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Sheba Partners with Oranim Academic College to Aid Ukrainian Children

Aid Ukrainian Children
Recognizing the unique psychological challenges of children living through war, Sheba has partnered with Oranim Academic College to create a therapeutic tool that will help with processing traumatic experiences.

As the war between Russia and Ukraine rages on, children are not exempt from traumatic experiences, which often include being forced to leave their homes, separation from family members, and losing loved ones. In addition to short-term effects, such as stress, fear, and depression, children can also suffer from long-term post-traumatic stress disorder (PTSD).

“There are moments and events that leave a mark for many years and can change an entire life,” explains Dr. Itai Pessach, Director of the Safra Children’s Hospital at Sheba. “When I traveled to establish the infrastructure of Israel’s field hospital in Ukraine, I met young children who were torn from their lives and became refugees overnight. It was clear to me that the biggest difficulties still lie ahead, as they will need to cope with the trauma. After returning to Israel, as the director of a children’s hospital, I knew we must come up with an original method to help the children and their parents cope with the crisis they are going through.”

Committed to supporting the people of Ukraine, and those most vulnerable in particular, Sheba partnered with Oranim Academic College to help traumatized children by developing a unique tool: a therapeutic game that allows children to process what has happened and restore a sense of normalcy through a series of linked activities.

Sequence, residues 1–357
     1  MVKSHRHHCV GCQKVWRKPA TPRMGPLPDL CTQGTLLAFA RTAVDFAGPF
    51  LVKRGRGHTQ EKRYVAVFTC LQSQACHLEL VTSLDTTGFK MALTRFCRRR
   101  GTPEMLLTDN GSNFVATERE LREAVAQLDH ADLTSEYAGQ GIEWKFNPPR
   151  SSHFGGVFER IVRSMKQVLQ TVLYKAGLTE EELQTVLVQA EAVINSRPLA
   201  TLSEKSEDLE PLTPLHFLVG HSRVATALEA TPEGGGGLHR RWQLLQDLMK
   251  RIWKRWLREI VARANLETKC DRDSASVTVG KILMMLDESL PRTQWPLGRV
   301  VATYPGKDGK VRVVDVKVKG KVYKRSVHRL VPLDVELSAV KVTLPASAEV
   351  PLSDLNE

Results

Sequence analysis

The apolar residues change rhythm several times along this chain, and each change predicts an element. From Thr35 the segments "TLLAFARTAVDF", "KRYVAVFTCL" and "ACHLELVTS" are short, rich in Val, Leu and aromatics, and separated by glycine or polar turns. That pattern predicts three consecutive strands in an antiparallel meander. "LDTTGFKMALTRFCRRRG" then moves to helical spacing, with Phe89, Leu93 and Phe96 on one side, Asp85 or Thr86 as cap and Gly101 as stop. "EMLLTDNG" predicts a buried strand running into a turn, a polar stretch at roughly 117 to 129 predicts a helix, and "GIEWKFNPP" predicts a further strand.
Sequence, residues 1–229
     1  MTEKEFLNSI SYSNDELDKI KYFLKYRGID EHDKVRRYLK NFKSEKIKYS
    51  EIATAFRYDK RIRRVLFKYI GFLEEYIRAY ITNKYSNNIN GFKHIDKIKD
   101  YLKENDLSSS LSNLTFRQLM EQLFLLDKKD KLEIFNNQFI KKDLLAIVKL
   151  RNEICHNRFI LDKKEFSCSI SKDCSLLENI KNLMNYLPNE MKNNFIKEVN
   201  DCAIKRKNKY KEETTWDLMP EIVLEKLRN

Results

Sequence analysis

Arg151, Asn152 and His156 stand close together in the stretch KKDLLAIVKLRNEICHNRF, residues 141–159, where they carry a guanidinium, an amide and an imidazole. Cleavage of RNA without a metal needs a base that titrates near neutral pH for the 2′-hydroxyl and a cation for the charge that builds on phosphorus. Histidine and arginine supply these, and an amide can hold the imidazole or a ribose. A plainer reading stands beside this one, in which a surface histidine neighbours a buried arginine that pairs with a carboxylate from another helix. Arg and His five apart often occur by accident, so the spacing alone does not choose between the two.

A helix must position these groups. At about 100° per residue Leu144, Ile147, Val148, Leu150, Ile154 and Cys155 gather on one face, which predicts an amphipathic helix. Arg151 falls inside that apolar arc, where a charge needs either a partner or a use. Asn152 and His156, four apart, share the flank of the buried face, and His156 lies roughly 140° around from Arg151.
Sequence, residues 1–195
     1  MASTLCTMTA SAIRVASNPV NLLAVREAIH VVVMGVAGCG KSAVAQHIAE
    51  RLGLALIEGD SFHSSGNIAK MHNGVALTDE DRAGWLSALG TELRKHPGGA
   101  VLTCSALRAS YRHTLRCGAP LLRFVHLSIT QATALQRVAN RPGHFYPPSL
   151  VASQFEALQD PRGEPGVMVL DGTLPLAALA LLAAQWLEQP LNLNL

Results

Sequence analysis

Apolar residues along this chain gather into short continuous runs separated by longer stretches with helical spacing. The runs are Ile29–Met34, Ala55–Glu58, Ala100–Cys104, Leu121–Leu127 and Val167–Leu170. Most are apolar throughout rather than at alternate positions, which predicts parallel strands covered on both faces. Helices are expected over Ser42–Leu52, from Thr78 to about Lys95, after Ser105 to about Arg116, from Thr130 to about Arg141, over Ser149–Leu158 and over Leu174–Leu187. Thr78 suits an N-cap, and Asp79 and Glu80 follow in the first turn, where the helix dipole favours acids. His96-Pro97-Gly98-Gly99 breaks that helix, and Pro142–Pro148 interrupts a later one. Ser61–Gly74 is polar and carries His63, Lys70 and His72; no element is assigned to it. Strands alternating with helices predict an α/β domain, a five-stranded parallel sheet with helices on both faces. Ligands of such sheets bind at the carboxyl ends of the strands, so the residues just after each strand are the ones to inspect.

Created by Dr. Pessach and Dr. Livneh, a pediatric and adolescent trauma care expert at Oranim Academic College, the game helps children talk about their emotions and traumas, as well as visualize an alternate reality through which they can share their fears and concerns. Sharing their concerns with “worry dolls,” children can ‘transfer’ their anxiety to the dolls. By doing so as part of a game, perceived as such by users, the children are more inclined to open up. 

According to Dr. Livneh, “We have created a tool that allows them to speak in their language, the language of children. It is important to be able to mediate children’s experiences, and to give them customized tools to psychologically process the changes that were made in their lives to reduce the level of stress and anxiety they are in and to reduce future damage as much as possible.”

The game boxes, handcrafted by hundreds of children from schools across Israel, youth movements, and children hospitalized at the Safra Children’s Hospital who volunteered to help, were delivered to Ukrainian children suffering from PTSD at Sheba’s ‘Shining Star’ field hospital in Ukraine, with very positive results. 

Sheba will continue supporting the people of Ukraine, with new initiatives already in the works.

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